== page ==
I’m frozen in place because I was on the floor playing blocks with Bubby when he crawled over to my lap and fell asleep.
So this is why people recommend getting down on the floor with your kids to play at least once a day. I sure wouldn’t trade the experience of having this little boy asleep on my lap for anything else.
I don’t always act that way, though. I get distracted, I get busy, and I let my focus on things overcome my more intentional desire to be a hands on parent.
Last night I played Old Maid with the girls in the middle of our kitchen floor. That felt really good. It’s also the first time we’ve played Old Maid since our family vacation… last June, 11 months ago. I’ve let my fear of them bending the edges or losing the cards – a deck of cards I bought for 88¢ – keep me from investing 30 minutes of time in my children.
My parenting is a little like a string of beads – big dollops of memories strung together by skinny moments of just surviving. Consistency? Questionable.
Since I couldn’t move anyway, this afternoon I picked up Shepherding Your Child’s Heart by Tedd Tripp. It’s been on my to do reading list for at least three years, and it happened to be in arms reach from my spot on the floor.
I’ve only made it through the introduction and Chapter 1 so far, but I’ve gotten a nugget that has made me pause and ponder long enough for my bottom to go completely numb:
“The purpose for your authority in the lives of your children is not to hold them under your power, but to empower them to be self-controlled people living freely under the authority of God…
Parents who are “benevolent despots” do not usually find their children racing to leave home. Children rarely run from a home where their needs are met. Who would want to walk out on a relationship in which he feels loved and respected?”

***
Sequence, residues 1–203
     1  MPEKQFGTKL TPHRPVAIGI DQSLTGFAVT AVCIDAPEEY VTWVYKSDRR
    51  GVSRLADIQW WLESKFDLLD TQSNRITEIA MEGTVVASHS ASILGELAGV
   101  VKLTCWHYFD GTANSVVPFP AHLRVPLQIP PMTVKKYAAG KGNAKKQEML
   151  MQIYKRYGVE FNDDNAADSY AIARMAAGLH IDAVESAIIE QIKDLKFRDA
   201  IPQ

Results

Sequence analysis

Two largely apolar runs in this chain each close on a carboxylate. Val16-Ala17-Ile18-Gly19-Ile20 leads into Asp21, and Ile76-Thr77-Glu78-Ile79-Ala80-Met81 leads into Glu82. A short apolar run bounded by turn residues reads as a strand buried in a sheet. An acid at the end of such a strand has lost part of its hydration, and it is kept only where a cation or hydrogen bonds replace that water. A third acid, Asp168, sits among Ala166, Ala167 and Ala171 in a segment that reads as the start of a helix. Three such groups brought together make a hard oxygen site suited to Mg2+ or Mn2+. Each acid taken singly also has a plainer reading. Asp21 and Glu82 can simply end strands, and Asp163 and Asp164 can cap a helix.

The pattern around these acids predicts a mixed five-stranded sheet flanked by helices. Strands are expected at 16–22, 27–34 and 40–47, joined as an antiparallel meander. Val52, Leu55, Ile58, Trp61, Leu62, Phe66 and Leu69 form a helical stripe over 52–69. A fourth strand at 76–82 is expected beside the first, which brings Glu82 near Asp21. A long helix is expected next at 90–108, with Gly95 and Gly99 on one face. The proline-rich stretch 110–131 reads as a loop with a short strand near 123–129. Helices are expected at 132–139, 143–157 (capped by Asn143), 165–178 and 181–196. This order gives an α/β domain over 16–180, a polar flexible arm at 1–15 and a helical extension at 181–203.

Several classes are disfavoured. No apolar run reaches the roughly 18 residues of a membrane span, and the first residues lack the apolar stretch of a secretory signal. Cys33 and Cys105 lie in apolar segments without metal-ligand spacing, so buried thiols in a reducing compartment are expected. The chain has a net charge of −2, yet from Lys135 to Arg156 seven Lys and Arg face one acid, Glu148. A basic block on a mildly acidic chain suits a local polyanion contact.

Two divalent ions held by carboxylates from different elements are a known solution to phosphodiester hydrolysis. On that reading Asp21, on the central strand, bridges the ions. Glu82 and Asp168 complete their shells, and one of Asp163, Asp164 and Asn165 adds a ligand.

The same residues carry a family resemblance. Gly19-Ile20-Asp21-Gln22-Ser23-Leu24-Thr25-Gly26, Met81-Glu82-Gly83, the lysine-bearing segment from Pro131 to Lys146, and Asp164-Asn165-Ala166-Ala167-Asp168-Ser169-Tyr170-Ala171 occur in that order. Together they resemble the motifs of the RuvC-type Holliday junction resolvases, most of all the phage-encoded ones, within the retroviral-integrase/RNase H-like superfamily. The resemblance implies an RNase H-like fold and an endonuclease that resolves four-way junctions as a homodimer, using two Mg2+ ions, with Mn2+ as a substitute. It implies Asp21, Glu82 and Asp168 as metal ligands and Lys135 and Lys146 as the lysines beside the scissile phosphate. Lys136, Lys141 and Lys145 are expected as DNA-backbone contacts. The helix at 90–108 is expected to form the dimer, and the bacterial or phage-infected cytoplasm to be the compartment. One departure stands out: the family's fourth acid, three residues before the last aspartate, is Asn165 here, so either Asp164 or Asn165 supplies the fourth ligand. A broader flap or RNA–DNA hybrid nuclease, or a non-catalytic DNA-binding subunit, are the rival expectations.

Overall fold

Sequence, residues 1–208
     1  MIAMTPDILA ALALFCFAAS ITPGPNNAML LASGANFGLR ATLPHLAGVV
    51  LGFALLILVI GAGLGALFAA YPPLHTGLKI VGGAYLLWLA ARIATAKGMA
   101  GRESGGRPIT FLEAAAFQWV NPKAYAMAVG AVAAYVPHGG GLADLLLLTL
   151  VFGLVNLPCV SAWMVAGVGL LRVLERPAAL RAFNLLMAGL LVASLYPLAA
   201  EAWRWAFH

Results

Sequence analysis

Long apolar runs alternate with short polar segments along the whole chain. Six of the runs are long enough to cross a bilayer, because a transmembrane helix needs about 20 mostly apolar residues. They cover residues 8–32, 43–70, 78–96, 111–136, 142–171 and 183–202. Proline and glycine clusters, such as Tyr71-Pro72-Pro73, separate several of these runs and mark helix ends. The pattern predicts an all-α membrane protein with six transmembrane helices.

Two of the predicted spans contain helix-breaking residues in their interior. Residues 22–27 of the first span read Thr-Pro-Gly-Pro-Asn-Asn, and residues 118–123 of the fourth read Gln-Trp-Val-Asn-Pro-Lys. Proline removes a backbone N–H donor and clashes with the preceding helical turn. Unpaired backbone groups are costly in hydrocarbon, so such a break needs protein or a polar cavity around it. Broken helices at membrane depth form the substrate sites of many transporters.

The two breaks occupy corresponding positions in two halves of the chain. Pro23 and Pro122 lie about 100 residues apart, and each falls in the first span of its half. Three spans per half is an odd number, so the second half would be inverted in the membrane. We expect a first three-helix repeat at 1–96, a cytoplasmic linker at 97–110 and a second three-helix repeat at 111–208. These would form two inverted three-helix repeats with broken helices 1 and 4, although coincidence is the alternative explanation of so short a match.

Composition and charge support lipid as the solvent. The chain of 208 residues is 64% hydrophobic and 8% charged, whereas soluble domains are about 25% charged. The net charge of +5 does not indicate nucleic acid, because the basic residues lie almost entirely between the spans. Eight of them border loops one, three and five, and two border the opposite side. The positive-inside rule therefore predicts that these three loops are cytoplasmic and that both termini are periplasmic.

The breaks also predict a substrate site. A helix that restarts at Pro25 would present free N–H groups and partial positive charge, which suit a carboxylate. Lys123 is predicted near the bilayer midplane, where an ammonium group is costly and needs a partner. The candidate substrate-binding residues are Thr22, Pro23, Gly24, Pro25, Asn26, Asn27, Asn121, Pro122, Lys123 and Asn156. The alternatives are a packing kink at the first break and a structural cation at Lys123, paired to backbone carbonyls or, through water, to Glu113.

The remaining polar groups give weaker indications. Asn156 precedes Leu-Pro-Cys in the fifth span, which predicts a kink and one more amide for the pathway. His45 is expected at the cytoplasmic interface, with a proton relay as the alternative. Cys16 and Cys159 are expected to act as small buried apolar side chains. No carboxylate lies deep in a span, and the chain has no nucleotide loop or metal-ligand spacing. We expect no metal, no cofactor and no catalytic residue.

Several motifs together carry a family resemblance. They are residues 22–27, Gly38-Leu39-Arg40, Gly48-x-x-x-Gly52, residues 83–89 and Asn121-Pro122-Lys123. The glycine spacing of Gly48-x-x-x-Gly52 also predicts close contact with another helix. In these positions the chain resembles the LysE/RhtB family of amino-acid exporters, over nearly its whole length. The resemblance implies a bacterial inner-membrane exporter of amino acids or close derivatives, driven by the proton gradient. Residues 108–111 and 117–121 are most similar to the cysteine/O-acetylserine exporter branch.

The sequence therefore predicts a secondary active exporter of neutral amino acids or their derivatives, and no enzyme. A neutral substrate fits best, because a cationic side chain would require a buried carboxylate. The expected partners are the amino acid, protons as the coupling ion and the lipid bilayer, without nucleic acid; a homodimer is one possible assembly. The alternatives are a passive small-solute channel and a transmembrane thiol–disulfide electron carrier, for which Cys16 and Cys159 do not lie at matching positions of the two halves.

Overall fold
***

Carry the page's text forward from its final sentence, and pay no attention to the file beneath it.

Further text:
It stopped me in my tracks because I agree with this sentiment – and I don’t think I’m parenting this way. Words like “empowered,” “self-controlled,” “loved,” and “respected” aren’t what come to mind when I replay the last week in our home – or even the last four hours!
Somehow the magical infatuation that flooded me when each of these children was born has worn way into an endless struggle of dirty clothes, messy bedrooms and wooden blocks placed at just the right location to permanently maim you as you walk through the living room.
Yes – parenting is about the basics, like food, clothing and shelter. But it’s also about the intrinsic and invisible. It’s about taking the time to hold a baby boy because he wants to be on your lap, about looking for the Old Maid or jumping on the trampoline with the full knowledge there’s a time coming when they won’t ask anymore if they’ve learned you always say, “No.”
Life has got to be about more than a constant struggle with a messy house. Or a job or unattainable dreams. It’s got to be about paying attention and finding joy and purpose RIGHT HERE.
Here’s for a re-commitment to loving, empowering, and respecting my children into a self-controlled adulthood… as best as I can.